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A photo essay is a series of photographs that tell a story about a person, place, event, or trend. In this course, photojournalist Paul Taggart takes us on assignment as he photographs Kevin Carman, an artist in Ventura, California.
Paul, whose work has appeared in publications such the New York Times and National Geographic, shares insights into how he prepares for an assignment, how he engages his subject, and how he takes advantage of unpredictable and unforeseen situations. The course concludes with a look at how the final essay might be sequenced and distributed.
I just got back from Art City, where I showed Kevin the final photoessay that I have. I've done the majority of the editing and most of the sequencing, and now I'm just going to do my last pass-through before I'v got to head out check out of the hotel and get a, catch a flight. So I just want to review these images real quick and see if I've got everything before I leave. This image I've shot in two separate ways because I didn't know if I was going to use the intro to Art City, or have the Art City sign as the last image of the essay.
So I shot it once with the angle going in this direction. And once from the other side, with it going in this direction. And I decided, you know, Art City is where we are. So I wanted to establish this is our place. So this is our first image. And then I'm looking for a story art here where the whole story takes place in a day. We did shoot over 48 hours, but for the story purposes it just establishes a viewer in a space that they're familiar with. So it's morning to night. So I went out and shot him in his outdoor kitchen which is unique and says something about his character.
Having a morning cup of coffee. We went out and shot this image to add a little motion to our photo essay. And I think it really works well. If I just review back these images, you see everything's very static. And then once you lay on this image you've got some movement. And it gives a little energy back to our sequence, which we were desperately needing. Kevin interacting with the dog. The campfire. Not that many people have campfires every morning. So I think it's a great moment to add to Kevin's character. Here I like I actually sequence these so I'm going wide here.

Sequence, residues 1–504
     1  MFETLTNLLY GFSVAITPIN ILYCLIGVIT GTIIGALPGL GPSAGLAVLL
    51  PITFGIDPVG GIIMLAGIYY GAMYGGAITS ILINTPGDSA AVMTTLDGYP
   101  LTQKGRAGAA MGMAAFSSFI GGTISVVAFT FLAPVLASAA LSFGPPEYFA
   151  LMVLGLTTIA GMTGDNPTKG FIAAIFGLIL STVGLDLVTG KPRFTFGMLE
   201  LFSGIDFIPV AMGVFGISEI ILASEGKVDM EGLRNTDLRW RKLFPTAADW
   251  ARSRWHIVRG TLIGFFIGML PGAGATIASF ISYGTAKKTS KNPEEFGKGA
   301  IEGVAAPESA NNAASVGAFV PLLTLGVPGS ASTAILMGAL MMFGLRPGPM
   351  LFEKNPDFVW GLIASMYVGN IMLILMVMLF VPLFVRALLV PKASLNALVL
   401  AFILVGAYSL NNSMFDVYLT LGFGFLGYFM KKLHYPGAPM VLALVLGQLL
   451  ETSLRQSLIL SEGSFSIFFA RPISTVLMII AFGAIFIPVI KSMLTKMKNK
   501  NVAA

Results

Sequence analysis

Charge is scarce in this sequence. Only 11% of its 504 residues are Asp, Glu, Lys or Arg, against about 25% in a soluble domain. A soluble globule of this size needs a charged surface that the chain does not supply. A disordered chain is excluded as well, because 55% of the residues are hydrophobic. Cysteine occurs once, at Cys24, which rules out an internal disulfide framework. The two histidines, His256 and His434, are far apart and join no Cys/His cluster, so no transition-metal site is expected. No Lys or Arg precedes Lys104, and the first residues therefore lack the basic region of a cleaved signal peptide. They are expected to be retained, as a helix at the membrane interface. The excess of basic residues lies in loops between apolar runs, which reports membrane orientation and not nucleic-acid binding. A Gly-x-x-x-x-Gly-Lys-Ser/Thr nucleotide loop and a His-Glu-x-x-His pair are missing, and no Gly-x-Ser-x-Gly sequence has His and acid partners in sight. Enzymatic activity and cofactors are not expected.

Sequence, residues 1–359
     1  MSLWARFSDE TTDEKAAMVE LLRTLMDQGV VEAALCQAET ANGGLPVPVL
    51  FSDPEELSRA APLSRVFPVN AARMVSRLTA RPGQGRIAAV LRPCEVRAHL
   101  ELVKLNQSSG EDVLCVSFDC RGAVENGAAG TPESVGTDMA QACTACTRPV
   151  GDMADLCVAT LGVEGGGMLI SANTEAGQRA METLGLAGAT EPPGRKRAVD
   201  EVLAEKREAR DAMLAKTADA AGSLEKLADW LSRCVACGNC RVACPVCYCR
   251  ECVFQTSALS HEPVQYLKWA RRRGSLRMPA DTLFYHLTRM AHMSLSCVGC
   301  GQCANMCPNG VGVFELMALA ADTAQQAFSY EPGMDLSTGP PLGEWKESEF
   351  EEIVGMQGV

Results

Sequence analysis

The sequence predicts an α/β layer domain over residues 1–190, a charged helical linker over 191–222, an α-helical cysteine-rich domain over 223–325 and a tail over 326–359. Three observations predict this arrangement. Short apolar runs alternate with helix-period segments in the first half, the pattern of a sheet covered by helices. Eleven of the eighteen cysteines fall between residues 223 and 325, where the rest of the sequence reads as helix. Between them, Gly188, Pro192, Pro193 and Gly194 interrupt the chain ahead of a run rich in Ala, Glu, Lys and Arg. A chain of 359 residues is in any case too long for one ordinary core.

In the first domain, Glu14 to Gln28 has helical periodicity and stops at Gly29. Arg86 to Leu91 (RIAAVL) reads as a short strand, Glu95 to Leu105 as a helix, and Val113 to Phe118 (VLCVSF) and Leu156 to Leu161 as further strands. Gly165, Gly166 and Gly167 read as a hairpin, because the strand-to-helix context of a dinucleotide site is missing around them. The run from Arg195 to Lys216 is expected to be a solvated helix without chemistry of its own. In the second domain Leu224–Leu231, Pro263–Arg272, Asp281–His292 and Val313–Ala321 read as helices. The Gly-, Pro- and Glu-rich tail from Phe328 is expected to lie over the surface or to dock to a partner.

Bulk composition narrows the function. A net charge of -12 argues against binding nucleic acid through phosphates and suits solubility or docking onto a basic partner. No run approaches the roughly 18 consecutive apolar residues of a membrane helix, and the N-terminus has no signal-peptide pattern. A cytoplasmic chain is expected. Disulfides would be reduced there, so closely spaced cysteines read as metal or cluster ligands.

And then super tight on his eyes. And I think it just breaks up all those wide angles that I have. If you mix your lenses and mix your compositions a little bit. It's like these images don't look that similar right next to each other, which gives them nice variance. Again going from a tight shot to a wide shot. Also I thought this image I wasn't going to in, include the the botchy ball images cause I was a little bit torn about how I felt when I was shooting it; it seemed like a distraction. But I relooked at my edit this morning and I looked at the bachy ball stuff and I found this image, and it kind of made me laugh a little bit. And one thing we didn't have in this photo essay was any humor. And so I thought maybe we'll put this in there.
And it'd be a funny little moment. (SOUND). This image I could live without. I'm not quite sure if I want to keep it or not. I like that it's got other characters in it. I don't think we need it. But since this is our first pass of the edit, we're not tied into this. This isn't for a client. It's not for a newspaper that requires 5 images or a magazine that only requires two images. This is sort of a personal project for me and Kevin, so it's 31 images at the moment, so I can leave this in and I can take it out later. Also, an image like this where it's just a detail shot with no characters in it, no people, it gives the viewer just a breathing moment in the sequence, so it's not just Kevin Kevin Kevin in every single image.